My goal is to inspire, motivate, and support my team of 300+ to continue improving and work closely with impactful change-makers. I strive to be a role model, demonstrating that implementing change is possible and successful. As an advocate for women’s empowerment, natural heritage conservation, and conscious design implementation, I use my position to empower others while embodying these principles daily.

We drive positive change through our self-funded foundation, supporting projects and communities in education, environment, and community development. On an industry level, we are involved with RARE India, CREST, and Regenerative Travel, collaborating with stakeholders to foster sustainability in the region and create a lasting positive impact.

Having served as Director of JTI Group & Assam Bengal Navigation, could you elaborate on the impact of these businesses and how they drive regenerative development in the region?

JTI Group, established in 1989, encompasses our products, social welfare verticals in natural and cultural heritage conservation, and bespoke travel services specializing in natural and cultural immersion and adventure travel in northeast India. Since the 1990s, JTI Group has spotlighted the natural preservation efforts of Northeast India globally.

Post-insurgency, responsible tourism was crucial. We collaborated with indigenous tribes to establish guesthouses and standard practices, empowering local guides to support community tourism. We supported worldwide research associations involved in biodiversity and indigenous cultures. In 2009, we revived Diphlu River Lodge, symbolizing regenerative tourism. Today, it is one of India’s top wildlife lodges, prioritizing local wildlife conservation, environmental stewardship, and community support.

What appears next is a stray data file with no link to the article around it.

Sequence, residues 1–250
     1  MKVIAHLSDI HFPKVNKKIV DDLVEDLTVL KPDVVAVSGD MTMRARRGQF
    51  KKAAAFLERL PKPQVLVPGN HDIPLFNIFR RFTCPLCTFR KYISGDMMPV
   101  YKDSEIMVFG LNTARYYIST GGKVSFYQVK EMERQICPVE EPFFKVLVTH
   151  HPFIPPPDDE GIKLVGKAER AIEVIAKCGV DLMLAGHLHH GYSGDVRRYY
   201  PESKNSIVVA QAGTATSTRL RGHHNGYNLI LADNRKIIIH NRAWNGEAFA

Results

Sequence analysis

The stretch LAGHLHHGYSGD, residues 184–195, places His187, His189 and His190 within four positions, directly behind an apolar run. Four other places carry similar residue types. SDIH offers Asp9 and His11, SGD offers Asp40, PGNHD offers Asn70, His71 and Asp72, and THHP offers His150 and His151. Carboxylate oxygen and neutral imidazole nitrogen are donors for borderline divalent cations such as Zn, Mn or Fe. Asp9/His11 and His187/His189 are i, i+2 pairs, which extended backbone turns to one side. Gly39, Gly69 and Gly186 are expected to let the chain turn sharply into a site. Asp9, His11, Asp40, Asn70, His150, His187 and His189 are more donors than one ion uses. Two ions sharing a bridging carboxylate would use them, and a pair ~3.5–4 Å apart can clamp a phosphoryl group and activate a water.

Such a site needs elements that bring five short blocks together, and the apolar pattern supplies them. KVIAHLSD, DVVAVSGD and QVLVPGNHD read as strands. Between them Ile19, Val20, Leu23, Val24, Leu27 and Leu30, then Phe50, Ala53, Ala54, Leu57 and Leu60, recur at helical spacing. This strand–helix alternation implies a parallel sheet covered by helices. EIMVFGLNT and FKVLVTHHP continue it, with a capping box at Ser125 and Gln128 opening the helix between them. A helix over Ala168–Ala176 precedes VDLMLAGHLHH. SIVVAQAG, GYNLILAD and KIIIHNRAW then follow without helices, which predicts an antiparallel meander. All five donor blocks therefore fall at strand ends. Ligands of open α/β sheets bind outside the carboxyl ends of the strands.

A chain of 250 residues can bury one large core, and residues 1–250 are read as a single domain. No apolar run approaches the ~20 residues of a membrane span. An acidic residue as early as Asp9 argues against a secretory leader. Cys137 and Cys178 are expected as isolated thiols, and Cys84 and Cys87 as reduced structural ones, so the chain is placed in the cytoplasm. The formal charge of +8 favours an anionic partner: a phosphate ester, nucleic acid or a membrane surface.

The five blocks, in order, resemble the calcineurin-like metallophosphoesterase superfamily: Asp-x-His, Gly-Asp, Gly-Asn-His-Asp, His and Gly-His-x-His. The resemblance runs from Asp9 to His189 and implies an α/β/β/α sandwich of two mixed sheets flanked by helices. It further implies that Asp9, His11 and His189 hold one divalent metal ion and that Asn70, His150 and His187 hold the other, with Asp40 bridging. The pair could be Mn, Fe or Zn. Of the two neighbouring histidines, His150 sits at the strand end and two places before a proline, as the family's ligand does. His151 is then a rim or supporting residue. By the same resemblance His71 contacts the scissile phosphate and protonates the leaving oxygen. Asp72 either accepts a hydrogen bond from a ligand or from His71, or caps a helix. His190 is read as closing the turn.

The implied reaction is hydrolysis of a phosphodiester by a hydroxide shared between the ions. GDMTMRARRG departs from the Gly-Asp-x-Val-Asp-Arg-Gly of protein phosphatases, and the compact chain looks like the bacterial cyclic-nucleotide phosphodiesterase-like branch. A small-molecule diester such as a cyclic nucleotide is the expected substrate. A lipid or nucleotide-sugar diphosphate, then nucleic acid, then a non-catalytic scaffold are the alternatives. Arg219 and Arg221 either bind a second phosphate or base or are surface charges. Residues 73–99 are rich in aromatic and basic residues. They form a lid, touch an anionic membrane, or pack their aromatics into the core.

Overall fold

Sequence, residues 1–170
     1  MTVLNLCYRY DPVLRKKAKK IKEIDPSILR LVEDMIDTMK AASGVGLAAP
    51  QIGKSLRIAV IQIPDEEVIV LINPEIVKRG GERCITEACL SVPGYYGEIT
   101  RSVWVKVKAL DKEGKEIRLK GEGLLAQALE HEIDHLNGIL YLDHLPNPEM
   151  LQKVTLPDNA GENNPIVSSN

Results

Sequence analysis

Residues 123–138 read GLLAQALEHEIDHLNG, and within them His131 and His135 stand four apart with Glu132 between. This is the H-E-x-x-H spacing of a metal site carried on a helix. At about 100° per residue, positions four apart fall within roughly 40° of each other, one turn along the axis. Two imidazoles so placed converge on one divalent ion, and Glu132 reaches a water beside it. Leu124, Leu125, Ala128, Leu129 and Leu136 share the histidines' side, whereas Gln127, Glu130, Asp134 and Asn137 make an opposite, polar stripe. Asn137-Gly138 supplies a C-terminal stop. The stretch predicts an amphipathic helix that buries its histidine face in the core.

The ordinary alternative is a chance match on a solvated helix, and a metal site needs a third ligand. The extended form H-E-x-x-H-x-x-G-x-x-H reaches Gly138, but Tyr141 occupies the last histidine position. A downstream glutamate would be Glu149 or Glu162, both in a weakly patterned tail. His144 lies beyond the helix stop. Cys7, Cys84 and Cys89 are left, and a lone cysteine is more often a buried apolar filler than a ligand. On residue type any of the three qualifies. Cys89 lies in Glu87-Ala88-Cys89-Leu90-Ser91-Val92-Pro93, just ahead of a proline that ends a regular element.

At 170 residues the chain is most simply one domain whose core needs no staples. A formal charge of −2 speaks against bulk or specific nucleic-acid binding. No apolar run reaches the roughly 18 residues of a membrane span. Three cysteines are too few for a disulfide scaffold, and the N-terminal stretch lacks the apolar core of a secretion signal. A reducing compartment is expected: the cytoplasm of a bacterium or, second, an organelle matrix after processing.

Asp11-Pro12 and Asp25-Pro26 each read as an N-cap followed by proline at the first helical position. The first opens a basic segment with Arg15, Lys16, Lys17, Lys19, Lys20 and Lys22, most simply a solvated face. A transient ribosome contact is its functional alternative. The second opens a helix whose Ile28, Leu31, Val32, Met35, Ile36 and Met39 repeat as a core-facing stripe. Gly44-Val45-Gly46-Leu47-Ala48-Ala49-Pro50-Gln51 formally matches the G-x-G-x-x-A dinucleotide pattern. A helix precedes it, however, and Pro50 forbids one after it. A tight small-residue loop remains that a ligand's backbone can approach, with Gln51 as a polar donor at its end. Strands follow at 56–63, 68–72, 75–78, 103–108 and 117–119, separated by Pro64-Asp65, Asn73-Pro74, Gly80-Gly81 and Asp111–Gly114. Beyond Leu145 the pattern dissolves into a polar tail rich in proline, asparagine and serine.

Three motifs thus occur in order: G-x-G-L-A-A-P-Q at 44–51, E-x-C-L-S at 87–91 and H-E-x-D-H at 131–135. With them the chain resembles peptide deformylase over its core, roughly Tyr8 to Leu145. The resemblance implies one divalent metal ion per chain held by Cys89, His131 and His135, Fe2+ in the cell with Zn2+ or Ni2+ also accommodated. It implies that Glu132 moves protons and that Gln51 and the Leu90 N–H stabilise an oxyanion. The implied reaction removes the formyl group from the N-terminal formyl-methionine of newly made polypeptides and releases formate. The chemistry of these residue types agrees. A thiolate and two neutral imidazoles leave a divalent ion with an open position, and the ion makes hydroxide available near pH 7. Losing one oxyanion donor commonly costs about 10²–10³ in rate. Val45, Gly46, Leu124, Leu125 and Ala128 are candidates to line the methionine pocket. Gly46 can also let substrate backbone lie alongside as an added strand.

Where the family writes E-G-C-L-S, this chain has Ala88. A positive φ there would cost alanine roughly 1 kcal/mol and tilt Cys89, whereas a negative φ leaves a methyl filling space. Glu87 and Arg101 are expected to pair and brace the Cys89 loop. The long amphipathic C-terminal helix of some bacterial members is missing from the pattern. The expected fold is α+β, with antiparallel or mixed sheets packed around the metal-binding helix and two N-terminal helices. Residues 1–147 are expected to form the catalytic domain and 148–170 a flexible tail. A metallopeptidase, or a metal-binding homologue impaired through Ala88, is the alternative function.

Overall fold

Assam Bengal Navigation, established in 2003, pioneers river cruising on the Ganges and Brahmaputra rivers. Despite using fuel machines, we compensate by ensuring cultural and natural heritage conservation, avoiding single-use plastic, supporting local artisans, and fostering community development. Our self-funded foundation supports education, environment, and community pillars. We aim to create a significant impact, adopting regenerative principles in tourism for a sustainable future.

The field of sustainable tourism is constantly evolving. In your opinion, what are some emerging trends or innovations that could significantly impact regenerative and adventure travel in India?

I am optimistic about the younger generation taking action for change. Witnessing global crises, people are waking up to the need for change and connecting spiritually to themselves and the natural world. This awakening brings hope that more change-makers will create a positive impact.

In your experience, what does it take for a tourism entrepreneur to really make an impact in terms of sustainability?

One must genuinely care about making regenerative tourism their sole objective, as it is the only way forward in the travel and tourism industry. Grit and patience are essential, avoiding the easy way out in a capitalistic world. Most importantly, working towards being a conscious being makes it paramount to leave the earth better than you found it and spread kindness, as there is no better feeling.

Thank you, Antara.

Connect with Antara on LinkedIn or find out more about her ventures here. If you enjoyed our interview with Antara, please share it and spread the word about sustainable tourism and conservation in Assam and Bengal!

Antara has been featured here because she has been peer nominated for our community of sustainable tourism impact makers – counting over 400 trailblazers around the world (meet them here).